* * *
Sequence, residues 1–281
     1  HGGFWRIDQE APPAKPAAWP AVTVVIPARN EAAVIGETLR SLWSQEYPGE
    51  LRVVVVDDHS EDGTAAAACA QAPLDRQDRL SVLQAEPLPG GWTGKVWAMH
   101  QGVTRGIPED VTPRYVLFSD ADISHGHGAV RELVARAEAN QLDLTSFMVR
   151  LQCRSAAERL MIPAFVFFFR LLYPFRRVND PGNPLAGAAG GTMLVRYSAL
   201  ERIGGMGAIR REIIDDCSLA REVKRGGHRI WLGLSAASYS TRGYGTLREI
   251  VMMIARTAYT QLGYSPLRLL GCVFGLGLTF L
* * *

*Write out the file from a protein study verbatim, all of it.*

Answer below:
Sequence, residues 1–281
     1  HGGFWRIDQE APPAKPAAWP AVTVVIPARN EAAVIGETLR SLWSQEYPGE
    51  LRVVVVDDHS EDGTAAAACA QAPLDRQDRL SVLQAEPLPG GWTGKVWAMH
   101  QGVTRGIPED VTPRYVLFSD ADISHGHGAV RELVARAEAN QLDLTSFMVR
   151  LQCRSAAERL MIPAFVFFFR LLYPFRRVND PGNPLAGAAG GTMLVRYSAL
   201  ERIGGMGAIR REIIDDCSLA REVKRGGHRI WLGLSAASYS TRGYGTLREI
   251  VMMIARTAYT QLGYSPLRLL GCVFGLGLTF L